Caught in the Now
Can all this decline be attributed to our digital age? Take a look at what young people do with their considerable leisure time of about five and one-half hours per day on average. A 2005 Kaiser study of 8- to 18-year olds found that 84% watch TV for about three hours each day while less than half—47%—read a book for about 20 minutes in the day (and this may include homework time).More than half (54%) use a computer, with almost an hour of their time spent at the computer online. About 40% play video games (32 minute at a console, 17 minutes with a handheld).
The total amount of time spent plugged in one way or another adds up to six and one-half hours—nearly equivalent to a fulltime job. Although researchers conjectured that as young people spent more time on video games and laptops, TV time would decline, that was not the case. In fact the more students used one media, the more they used other media as well. Concurrently multitasking has risen so that the actual total amount of media content actually consumed amounts to eight and one-half hours per day.
Too Many Choices?
Bauerleinfinds it paradoxical that the Millennials, with all their advantages and access to knowledge and information on the Internet, in libraries, and other free resources, have less general knowledge and research and writing skills than previous generations. Yet it may be that there are just too many readily available options. In his autobiography, the eminent Victorian critic John Ruskin describes the paltry number of toys he was allowed as he grew up as a sheltered only child. With few diversions he could quietly and methodically develop his interest in art and architecture and begin to cultivate an aesthetic sense. He played for hours with some wooden blocks. He studied and traced the patterns in the rugs and furniture fabrics. He wrote poetry. By contrast, his late twentieth-century counterparts watch TV sitcoms and reality shows, play video games, and text their friends, who are doing the very same things. Multitasking, web surfing, and overstimulation replaces grappling with hard issues, enjoying quiet reflection, and building skills, such as writing, reading, drawing, or playing a musical instrument. Little wonder their sense of beauty is stymied and their ability to follow carefully nuanced arguments undeveloped.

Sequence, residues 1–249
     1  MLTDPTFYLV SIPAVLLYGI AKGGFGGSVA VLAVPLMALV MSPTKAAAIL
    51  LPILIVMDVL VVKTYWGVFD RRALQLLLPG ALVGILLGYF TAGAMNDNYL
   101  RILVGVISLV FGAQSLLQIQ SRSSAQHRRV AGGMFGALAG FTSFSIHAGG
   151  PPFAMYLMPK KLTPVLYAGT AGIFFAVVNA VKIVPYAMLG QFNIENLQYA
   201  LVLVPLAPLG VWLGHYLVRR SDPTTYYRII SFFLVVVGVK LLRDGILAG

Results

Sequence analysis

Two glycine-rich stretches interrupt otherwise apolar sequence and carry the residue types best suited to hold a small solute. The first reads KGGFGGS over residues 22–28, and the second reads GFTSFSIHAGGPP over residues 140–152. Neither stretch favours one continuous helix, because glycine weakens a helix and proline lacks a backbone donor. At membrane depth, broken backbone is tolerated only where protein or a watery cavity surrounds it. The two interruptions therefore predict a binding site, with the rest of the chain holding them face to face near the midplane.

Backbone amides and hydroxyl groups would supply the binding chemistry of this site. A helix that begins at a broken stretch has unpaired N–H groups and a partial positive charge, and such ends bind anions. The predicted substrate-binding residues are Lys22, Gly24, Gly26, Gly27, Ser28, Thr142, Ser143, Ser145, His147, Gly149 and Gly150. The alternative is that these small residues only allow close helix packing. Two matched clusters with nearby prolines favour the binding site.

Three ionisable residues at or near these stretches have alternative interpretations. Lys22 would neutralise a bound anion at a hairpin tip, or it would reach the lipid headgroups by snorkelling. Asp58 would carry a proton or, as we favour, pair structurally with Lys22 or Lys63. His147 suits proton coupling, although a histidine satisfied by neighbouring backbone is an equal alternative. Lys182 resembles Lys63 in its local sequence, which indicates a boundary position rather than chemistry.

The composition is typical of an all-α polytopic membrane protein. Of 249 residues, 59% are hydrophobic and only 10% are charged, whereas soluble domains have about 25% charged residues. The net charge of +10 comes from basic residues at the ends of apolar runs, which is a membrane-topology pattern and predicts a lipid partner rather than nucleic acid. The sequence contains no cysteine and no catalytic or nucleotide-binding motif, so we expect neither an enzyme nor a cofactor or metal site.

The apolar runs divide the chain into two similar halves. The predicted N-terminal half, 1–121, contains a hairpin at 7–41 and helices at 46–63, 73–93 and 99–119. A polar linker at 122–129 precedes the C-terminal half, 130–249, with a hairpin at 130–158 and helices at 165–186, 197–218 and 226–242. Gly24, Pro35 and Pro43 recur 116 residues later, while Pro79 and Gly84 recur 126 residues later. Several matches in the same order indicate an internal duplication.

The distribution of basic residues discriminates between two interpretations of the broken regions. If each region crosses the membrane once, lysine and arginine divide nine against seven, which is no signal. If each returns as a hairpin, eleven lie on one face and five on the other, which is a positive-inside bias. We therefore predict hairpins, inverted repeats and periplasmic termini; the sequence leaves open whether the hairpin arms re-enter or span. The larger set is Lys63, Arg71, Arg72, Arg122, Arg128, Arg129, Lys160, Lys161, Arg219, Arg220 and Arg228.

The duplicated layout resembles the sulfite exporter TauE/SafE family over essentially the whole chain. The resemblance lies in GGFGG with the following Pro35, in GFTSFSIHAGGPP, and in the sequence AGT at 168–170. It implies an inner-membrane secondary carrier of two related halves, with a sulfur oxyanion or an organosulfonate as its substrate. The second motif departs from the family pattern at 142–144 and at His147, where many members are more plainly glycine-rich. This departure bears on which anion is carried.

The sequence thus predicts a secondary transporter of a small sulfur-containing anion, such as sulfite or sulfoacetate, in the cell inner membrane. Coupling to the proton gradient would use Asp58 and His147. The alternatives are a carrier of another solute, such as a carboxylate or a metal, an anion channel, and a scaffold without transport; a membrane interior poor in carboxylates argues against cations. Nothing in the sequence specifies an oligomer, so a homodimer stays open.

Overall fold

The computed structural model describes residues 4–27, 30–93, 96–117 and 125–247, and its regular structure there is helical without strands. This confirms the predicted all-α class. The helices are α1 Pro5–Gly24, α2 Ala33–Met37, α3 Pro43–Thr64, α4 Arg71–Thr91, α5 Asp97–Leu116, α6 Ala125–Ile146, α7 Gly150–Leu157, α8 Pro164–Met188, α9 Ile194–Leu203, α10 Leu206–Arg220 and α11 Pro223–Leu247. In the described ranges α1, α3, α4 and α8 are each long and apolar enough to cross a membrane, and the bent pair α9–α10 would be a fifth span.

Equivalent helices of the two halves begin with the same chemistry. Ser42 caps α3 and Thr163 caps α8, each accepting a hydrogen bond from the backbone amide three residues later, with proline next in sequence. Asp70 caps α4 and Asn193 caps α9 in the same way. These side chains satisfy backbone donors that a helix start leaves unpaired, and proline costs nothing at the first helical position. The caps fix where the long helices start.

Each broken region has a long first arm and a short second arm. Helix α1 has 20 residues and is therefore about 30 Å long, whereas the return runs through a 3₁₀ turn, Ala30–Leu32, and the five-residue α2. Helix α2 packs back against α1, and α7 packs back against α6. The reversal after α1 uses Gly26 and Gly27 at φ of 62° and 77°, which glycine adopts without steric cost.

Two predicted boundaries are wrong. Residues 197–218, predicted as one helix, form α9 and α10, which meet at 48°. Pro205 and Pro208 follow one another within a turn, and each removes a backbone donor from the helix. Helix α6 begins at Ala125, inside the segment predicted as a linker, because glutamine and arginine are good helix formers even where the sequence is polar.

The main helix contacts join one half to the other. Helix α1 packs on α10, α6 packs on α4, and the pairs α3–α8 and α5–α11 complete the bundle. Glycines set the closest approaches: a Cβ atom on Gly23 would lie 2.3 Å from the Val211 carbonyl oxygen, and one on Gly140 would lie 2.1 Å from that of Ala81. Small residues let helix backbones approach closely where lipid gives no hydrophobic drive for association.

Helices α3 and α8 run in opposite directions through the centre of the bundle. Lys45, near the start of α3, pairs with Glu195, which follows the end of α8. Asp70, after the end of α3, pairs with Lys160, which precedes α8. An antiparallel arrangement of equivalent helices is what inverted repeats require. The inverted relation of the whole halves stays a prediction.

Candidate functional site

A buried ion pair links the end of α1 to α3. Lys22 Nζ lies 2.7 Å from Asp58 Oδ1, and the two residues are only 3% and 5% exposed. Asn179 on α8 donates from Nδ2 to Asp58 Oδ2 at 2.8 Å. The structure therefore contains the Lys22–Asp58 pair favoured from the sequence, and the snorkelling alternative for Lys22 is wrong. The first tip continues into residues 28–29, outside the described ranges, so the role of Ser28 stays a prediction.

What They Lose
Understandably, faced with the bold anti-intellectual slacker mentality, Bauerlein scolds and denounces repeatedly, and he genuinely worries what will happen to the country when this generation takes a leading civic role. However, it may be more appropriate to offer them sympathy and profound condolences for their losses. By brashly rejecting a rich historical tradition, their lives are significantly diminished in ways they may never even understand. They will never know the pleasure of reading Shakespeare or Tolstoy or George Eliot, of listening to Bach and Brubeck, and connecting to the best that humanity has to offer. When the younger generation is plugged into the Daily Me and their Facebook page, they lock themselves into a feedback loop that reinforces and indeed intensifies a rather dreary and trivial life.
RL (Real Life) 3.0?
This upcoming generation may know the latest machines and technologies, but they remain cut off from realizing their full human potential. They willingly embrace the virtual and miss out on the best of the real. In ignoring everything that’s hard to achieve or difficult to understand, they lose the priceless joy of facing big challenges and meeting one’s goals. Caught up in the now, worshipping a material present, the mind dulls, the heart contracts, opportunities to think critically and judge wisely about the future dwindle and disappear. When texting cryptic messages and “talking” with faceless, mostly nameless strangers in chatrooms become the dominant forms of communication, it may herald a time when the simple joys of life itself are beyond our grasp.